Out of Town

Today and tomorrow.  pa

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9 Responses to Out of Town

  1. From Canada says:

    Col. Lang,
    Whay do you make of Sec. Gates decision to forbid the wearing of BDU’s at the pentagon?
    From Canada

  2. Hank Foresman says:

    From Canada,
    Not quite correct, he has asked the military staff in the Office of the Secretary of Defense not to wear Field Uniforms or Flight Suits. Thus far the services have not changed their policy.

  3. Patrick Lang says:

    It should be applied throughout the capital region. To wear field uniform there is a mere pretension. pl

  4. JohnH says:

    Does the colonel have any thoughts on McChrystal’s interview in the Financial Times, the London conference, and the SOF?
    Would you agree with Bhadrakumar that “just like in Bonn eight years ago, the London conference is an exclusive gathering of “victors”, while the vanquished Taliban remain excluded. The only difference is that the victors who gather on Thursday have been badly mauled in the past eight years and are terribly fatigued and almost bled white. They are determined to search out the vanquished and to talk real peace.”

  5. DE Teodoru says:

    JohnH, did you ever compare our losses tolerance and the price we are willing to pay for that vs. the losses tolerance of the Taliban and how much they can afford to spend on war of resistance because of their losses tolerance? After all, it is their country and almost all Muslim nations view Americans as Crusaders and in some way contribute to killing our people. And of course, heroine is a bottomless honey-pot!
    The point is that we can fake it any way we want but at some point we must ask ourselves: how big a bite will we let the Chinese take out of our apple before we realize that the Taliban is better left to the Shanghai Accord so we can try and rebuild our economy.
    Our war on Islam is a war of profiteers and we may spend the next 20 yrs. slapping each other around over the “stab in the back” that was only deficiency in the generals’ frontal lobe.

  6. Andy says:

    The new uniform guidance is simply a return to what was standard before 2001, which was Class A’s or B’s except on Fridays. I love wearing my digital pajamas as much as the next guy (they are far more comfortable), but this is a change that is long past due. It will also be a “stimulus” to local dry cleaners.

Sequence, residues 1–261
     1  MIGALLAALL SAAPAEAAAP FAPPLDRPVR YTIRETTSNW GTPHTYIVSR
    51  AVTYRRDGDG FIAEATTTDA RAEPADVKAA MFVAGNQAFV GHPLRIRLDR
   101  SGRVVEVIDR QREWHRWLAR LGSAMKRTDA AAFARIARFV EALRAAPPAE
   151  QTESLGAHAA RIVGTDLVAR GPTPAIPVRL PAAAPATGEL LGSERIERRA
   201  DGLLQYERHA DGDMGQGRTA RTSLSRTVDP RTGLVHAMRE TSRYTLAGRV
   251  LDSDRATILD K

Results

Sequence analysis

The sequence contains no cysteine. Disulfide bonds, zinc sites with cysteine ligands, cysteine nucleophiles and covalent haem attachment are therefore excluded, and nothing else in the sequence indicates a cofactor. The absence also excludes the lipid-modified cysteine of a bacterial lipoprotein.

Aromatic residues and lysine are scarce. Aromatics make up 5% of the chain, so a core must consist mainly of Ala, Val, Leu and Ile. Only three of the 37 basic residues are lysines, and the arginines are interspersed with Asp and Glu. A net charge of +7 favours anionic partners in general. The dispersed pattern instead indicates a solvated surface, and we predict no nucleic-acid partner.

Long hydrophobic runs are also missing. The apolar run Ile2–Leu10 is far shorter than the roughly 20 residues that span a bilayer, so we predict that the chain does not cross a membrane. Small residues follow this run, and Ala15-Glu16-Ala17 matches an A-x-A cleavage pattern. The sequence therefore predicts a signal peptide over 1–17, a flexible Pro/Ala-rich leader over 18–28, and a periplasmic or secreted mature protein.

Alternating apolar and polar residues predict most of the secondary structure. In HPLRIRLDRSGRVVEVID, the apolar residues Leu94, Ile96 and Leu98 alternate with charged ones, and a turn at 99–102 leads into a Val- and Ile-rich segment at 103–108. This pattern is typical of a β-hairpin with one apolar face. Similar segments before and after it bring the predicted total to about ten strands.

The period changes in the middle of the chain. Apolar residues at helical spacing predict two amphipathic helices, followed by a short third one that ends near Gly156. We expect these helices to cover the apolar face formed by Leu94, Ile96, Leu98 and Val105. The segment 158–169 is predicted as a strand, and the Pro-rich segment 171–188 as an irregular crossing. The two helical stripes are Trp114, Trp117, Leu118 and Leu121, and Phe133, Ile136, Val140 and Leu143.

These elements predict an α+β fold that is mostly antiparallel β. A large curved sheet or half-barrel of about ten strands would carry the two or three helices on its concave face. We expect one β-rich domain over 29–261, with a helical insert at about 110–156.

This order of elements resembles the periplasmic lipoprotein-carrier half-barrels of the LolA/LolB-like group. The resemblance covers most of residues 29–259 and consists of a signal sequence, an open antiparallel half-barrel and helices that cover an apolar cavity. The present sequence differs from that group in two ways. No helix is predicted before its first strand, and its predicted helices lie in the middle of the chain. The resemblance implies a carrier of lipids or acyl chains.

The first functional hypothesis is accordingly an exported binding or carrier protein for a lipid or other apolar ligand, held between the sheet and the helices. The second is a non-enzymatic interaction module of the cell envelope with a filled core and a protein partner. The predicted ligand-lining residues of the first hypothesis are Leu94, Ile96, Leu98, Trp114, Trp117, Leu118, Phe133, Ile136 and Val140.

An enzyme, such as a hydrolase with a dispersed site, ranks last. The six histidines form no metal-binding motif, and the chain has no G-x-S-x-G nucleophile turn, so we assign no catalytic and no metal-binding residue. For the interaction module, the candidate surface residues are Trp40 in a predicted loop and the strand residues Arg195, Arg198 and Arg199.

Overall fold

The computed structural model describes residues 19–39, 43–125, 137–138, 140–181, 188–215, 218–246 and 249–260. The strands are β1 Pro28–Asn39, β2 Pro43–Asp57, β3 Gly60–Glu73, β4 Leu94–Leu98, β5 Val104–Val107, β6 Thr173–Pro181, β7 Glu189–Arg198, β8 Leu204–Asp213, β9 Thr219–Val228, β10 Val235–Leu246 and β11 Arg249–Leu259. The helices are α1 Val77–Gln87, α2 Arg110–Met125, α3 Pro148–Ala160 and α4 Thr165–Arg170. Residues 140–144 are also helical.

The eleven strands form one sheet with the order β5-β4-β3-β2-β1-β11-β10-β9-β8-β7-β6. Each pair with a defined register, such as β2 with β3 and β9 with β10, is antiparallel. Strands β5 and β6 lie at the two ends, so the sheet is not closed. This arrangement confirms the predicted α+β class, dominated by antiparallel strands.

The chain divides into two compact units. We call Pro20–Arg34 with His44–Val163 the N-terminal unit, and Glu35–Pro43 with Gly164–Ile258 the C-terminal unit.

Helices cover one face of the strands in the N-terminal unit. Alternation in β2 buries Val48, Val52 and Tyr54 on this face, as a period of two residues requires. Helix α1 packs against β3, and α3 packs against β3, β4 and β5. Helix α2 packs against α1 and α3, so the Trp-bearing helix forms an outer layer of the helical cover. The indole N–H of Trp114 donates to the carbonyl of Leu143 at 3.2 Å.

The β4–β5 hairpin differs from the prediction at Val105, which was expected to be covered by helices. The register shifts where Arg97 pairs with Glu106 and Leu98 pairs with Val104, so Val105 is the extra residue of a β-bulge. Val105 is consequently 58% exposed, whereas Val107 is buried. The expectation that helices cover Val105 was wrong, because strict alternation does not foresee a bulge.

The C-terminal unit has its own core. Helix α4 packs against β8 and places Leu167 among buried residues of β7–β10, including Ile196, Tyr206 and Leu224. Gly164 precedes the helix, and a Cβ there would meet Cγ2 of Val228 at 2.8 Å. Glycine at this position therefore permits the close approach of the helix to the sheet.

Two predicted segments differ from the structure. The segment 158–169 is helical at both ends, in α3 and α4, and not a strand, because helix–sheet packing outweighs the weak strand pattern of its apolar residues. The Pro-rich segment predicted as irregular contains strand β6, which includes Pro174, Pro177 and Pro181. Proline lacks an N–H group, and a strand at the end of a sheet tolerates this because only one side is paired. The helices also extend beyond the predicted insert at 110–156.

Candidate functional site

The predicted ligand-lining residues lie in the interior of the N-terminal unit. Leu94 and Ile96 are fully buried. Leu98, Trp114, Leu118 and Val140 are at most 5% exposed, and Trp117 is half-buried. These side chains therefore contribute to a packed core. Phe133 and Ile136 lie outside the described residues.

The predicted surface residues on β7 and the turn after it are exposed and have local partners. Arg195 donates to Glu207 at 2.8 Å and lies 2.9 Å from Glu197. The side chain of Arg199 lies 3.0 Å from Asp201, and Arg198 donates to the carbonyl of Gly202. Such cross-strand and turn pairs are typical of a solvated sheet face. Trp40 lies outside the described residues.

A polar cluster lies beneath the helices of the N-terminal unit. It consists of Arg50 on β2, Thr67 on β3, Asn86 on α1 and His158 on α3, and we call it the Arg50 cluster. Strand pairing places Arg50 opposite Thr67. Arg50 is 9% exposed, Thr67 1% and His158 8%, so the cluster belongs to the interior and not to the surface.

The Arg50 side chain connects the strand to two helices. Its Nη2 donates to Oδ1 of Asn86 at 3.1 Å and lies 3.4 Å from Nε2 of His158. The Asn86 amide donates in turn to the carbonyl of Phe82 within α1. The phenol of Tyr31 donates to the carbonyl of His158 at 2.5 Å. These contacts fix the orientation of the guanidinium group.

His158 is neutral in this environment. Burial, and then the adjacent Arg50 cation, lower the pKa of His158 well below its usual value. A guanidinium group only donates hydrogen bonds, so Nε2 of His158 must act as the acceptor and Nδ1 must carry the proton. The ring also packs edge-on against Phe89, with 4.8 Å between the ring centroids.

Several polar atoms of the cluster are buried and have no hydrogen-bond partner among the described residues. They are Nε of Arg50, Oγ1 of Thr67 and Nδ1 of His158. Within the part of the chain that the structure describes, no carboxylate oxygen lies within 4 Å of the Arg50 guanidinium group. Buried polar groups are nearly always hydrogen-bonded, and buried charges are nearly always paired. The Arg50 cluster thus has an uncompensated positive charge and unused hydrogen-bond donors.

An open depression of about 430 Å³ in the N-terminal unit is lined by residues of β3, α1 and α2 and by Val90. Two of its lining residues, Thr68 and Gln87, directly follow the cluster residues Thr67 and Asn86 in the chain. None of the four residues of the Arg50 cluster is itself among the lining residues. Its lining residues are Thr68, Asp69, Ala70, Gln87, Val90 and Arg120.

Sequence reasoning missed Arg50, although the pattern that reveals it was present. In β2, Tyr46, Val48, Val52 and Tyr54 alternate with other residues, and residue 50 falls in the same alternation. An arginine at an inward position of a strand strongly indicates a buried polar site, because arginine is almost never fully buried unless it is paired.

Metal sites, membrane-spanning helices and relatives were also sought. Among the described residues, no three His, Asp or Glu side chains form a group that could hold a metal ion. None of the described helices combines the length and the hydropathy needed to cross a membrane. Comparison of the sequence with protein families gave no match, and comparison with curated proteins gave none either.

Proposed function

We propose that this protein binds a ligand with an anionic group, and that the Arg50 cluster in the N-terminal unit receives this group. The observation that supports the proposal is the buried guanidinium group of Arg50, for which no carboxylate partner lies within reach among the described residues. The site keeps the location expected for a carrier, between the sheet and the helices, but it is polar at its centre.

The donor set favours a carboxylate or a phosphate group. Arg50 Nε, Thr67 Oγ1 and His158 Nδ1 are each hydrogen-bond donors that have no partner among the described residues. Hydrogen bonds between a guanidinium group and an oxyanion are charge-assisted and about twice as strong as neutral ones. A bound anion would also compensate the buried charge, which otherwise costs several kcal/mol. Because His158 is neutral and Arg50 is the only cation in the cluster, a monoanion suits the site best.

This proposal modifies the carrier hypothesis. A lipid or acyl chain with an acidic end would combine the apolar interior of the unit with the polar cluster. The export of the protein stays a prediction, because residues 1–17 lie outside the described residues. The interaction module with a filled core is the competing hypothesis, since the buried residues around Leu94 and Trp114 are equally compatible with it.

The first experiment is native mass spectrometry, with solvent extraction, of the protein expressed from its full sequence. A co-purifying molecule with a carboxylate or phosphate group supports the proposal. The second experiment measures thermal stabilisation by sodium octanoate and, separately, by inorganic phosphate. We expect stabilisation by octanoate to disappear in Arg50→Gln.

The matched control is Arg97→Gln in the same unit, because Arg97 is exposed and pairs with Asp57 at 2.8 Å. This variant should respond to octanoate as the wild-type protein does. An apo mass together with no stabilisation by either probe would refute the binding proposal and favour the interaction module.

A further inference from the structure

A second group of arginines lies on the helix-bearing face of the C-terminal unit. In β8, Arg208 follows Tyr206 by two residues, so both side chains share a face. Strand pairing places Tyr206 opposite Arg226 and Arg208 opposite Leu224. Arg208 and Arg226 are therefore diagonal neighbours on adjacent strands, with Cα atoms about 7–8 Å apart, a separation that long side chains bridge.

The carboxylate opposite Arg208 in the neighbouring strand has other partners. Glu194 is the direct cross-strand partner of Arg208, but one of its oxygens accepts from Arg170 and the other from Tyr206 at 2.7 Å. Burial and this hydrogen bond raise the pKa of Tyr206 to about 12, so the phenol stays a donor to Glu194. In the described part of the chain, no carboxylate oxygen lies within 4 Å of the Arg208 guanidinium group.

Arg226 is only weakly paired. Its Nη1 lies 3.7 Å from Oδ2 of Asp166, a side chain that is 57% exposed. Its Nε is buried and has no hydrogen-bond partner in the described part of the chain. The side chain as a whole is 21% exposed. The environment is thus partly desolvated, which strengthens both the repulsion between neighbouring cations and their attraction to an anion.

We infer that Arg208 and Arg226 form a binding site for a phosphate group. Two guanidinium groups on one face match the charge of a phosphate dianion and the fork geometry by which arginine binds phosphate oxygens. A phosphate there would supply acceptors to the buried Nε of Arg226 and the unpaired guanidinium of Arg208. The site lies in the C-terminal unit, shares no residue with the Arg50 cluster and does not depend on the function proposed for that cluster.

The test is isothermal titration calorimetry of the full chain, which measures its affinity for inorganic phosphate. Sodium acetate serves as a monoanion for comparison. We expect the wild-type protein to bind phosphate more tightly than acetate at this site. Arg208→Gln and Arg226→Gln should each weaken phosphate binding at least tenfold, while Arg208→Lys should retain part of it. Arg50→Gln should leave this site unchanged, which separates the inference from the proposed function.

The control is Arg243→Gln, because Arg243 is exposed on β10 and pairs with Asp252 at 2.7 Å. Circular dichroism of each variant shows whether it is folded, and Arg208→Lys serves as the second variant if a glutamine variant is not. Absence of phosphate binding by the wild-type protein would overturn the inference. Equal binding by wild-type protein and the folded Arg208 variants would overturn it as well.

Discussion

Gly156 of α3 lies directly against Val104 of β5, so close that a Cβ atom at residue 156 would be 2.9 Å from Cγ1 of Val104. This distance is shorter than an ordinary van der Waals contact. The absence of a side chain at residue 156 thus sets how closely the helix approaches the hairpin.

7. JohnH says:

    Agreed that “at some point we must ask ourselves…” Is this the point? Or are the preponderance of forces in Washington still deluding themselves?
    My guess is the forces of profiteering and delusion still prevail. But I thought that about Iraq, too. Turns out that there’s a reasonable chance I was wrong about that. We’ll only know if they’re really pulling out if the stealth troop withdrawal doesn’t encounter some unexpected “hitches.”
    Maybe they’ve been chastened enough to sidle to the same outcome in Afghanistan.

  8. Patrick Lang says:

    “They?” So you are either not American or without any identification with the rest of us. pl

  9. different clue says:

    I have been thinking about past posts about Yemen. It was noted that somebody on the fringes of governing authority said the Yemeni government must “make its writ run throughout the country.” Wiser people, including the Yemeni government hopefully, know that any such attempt will merely bring the tribes to town where they will make their writ run rampant through the halls of power.
    So what might the Yemeni government do to make itself more relevant and liked in parts of Yemen? Something obviously helpful to some people without harming those same people at the same time?
    Years ago I read a National Geographic article about Yemen. The article said something about the remains of a huge-for-its-time ancient seasonal floodwater storage dam. The dam could release stored
    flash flood water in doses for agriculture right around the dam. The people living there now believe that the people of the dam were proud, haughty, and unmindful of God. So God destroyed the dam with a flood beyond its rated flood-storage capacity.
    What if the Yemeni government were to offer to rebuild the dam to current standards of flood and earthquake resistance? If the people of the area objected based on the reason the dam was destroyed to begin with, the government emissaries could note how that happened
    two thousand years ago, and the Yemenis have been faithful Muslims for 15 centuries and does God still
    want His faithful believers to be deprived of food and water? If the people thought that was worth thinking about, the emissaries could further offer to make sure that any dam rebuilding effort would follow Muslim and Elder laws and customs and timetables. And it could be built in a spirit of humility, not daring God to destroy it but rather recognizing that God could destroy it if He wished; but could also decide to let it survive and hold water if He felt the people worthy. I’m sure the emissaries could find the right way to say all that.
    If the communities around the old damsite decided on that basis to agree to the rebuilding of the dam, then it could be rebuilt. If it worked, and restored significant surrounding land
    to irrigated productivity, other Yemeni communities might take note and might ask for the same kind of thing.
    I raise the possibility because as Yemen runs out of oil to sell for money, its most reliable source of food and water will be the food and water it is able to grow and store its own self. It might be good to start increasing Yemen’s food and water capacity before the oil and money are all gone and desperate crunch-time arrives.
    (If the government has already rebuilt that ancient dam, then I am sorry for wasting everyone’s time who read this comment).

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